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17. March 2011 18:17
Category: Events

Innovation: substrates for OLED manufacturing

Organic light-emitting diode (OLED) displays are setting the bar higher and higher for the carrier substrates on which the organic layers have to be applied. This is especially true of glass substrates. Here, two market and technological trends compound the issue: rising demand for ever-larger terminal displays, and the trend towards installing both OLED technology and control electronics on the same substrates. For one thing, ensuring a smooth and even surface on larger glass displays requires a much more complex and exacting production and polishing process than with smaller substrate surfaces. Pairing the light-emitting components and controllers on one substrate is no easy task, either, but it allows for slimmer and more compact devices while maximising display size. SemiQuarz Wafer has identified the requirements these trends are creating for substrates, and developed the technologies to meet these challenges.

Geometric properties: hermiticity and roughness

Whether or not a glass substrate meets current industry requirements depends mainly on two criteria: the substrate's geometry and the material it's made from. Geometric requirements are primarily based on the substrate's surface texture (hermiticity), with a differentiation between the local and the global perspective. The prime concern here is to obtain a homogenous nanotopography with a roughness of max. 10 nm at the local level, as any variations in substrate thickness can lead to unacceptable colour shifts, non-uniform luminance or even, in the worst case, to a short-circuit of individual pixels - all of which negatively impacts OLED longevity. From the global perspective, the global topography, measured in TTV (Total Thickness Variation), must be as even as possible because it will determine quality and performance of the applied OLEDs.

Substrate requirements

The second key criterion for determining the suitability of a specific substrate is the material it's made from. The problem with most commercially available plastic substrates is their high air and moisture permeability, which may damage the cathode structure and impair OLED function. Studies conducted by SemiQuarz Wafer revealed OLED malfunctions when the substrate's permeation rate exceeded 1 x 10-6 g/m² per day 25 degrees Celsius. In addition, the substrate must also meet specific requirements in terms of chemical resistance, temperature stability and moisture sensitivity.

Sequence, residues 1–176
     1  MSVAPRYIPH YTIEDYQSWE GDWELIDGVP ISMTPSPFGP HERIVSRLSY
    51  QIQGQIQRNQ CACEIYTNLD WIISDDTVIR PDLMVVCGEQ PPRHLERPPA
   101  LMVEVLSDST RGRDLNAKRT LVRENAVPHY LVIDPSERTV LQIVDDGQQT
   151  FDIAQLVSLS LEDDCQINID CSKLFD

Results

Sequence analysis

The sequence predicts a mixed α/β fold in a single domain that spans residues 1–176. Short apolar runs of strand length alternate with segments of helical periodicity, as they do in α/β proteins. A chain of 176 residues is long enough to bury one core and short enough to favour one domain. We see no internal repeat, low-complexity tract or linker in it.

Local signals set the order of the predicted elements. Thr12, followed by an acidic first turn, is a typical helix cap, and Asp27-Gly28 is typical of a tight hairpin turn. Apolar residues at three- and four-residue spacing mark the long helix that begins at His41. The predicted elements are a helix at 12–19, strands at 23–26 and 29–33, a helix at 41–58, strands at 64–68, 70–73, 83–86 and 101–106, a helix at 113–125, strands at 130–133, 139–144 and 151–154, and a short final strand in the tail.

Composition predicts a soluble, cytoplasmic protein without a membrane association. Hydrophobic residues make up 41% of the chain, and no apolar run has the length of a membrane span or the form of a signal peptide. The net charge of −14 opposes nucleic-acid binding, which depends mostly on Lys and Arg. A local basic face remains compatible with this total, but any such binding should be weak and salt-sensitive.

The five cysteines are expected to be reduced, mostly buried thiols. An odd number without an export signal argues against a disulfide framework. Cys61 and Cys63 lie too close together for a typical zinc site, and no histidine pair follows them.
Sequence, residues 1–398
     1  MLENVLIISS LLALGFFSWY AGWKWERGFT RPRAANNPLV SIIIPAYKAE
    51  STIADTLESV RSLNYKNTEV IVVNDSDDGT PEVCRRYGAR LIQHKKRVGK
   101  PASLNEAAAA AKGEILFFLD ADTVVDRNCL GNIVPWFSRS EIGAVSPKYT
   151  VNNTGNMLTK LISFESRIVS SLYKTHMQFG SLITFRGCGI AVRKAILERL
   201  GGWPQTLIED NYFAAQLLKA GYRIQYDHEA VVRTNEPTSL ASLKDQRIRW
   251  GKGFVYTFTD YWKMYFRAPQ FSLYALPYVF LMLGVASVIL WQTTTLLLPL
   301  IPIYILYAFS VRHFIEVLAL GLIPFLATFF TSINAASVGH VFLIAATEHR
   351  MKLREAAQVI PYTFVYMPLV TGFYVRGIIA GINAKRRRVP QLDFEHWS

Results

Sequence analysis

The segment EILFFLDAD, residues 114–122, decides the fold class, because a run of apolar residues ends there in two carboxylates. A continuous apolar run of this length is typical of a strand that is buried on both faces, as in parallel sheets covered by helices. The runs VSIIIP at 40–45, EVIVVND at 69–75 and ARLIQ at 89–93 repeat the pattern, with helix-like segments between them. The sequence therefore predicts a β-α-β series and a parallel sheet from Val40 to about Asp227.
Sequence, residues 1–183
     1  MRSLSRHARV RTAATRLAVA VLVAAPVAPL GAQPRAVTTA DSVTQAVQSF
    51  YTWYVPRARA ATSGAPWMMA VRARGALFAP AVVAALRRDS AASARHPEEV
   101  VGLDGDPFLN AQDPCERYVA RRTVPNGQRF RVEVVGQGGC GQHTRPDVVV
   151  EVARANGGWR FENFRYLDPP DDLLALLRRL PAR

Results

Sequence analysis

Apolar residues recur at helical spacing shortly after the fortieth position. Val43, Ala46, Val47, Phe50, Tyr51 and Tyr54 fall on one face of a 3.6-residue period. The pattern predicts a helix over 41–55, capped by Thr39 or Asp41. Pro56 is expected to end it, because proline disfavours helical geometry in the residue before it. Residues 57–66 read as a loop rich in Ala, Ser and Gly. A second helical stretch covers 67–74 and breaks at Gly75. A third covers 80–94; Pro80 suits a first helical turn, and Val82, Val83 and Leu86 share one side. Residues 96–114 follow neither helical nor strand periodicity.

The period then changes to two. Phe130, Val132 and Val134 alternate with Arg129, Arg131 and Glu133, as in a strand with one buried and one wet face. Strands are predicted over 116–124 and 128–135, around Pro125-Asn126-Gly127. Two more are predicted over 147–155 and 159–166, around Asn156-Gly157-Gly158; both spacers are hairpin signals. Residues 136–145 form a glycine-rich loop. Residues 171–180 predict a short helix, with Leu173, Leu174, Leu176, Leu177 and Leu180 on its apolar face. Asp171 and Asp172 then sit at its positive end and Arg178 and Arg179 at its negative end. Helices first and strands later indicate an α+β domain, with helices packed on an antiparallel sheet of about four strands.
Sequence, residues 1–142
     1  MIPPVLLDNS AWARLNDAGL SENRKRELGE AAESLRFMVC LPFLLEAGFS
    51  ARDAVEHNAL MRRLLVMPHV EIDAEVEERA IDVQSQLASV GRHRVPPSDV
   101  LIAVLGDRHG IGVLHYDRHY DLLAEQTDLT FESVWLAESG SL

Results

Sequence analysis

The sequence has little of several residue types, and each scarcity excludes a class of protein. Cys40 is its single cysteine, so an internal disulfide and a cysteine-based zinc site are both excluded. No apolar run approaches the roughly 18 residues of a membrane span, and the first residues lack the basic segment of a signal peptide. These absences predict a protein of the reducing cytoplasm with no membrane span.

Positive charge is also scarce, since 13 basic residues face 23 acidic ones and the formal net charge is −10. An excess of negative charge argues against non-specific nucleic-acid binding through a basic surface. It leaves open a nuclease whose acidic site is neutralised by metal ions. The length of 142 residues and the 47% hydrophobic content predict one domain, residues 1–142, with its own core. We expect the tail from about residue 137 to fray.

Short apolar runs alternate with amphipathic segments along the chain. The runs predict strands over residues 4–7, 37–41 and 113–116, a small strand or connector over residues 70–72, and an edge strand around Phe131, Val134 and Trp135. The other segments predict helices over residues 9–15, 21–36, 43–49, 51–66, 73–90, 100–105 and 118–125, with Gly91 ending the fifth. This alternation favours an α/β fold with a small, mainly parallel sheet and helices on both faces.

SemiQuarz Wafer substrates have a solid track record

The products developed by SemiQuarz Wafer are the result of extensive research, development and testing - and they have already established themselves as the substrate of choice for OLED applications. With a total thickness variation of less than 2 micrometres and a roughness of less than .3 nanometres, they exceed the required quality standards by a multiple factor. To illustrate what these figures mean: the thickness variations on the surface of a substrate are on average just one 30th the thickness of a human hair; and.3 nm is equal to a third of a millionth of a millimetre (or about 30 angstroms or 10 atom layers), or a third of a ten-thousandth of the thickness of a human hair. SemiQuarz Wafer substrates are characterised by extremely high chemical purity and outstanding transmission behaviour across the spectrum from infrared to ultraviolet.

The knowledge and expertise that go into our solutions for the OLED market are just one example of the innovative drive at SemiQuarz Wafer. Our goal: to get customers and partners excited about the possibilities with high-quality, high-performance substrates for the most diverse applications.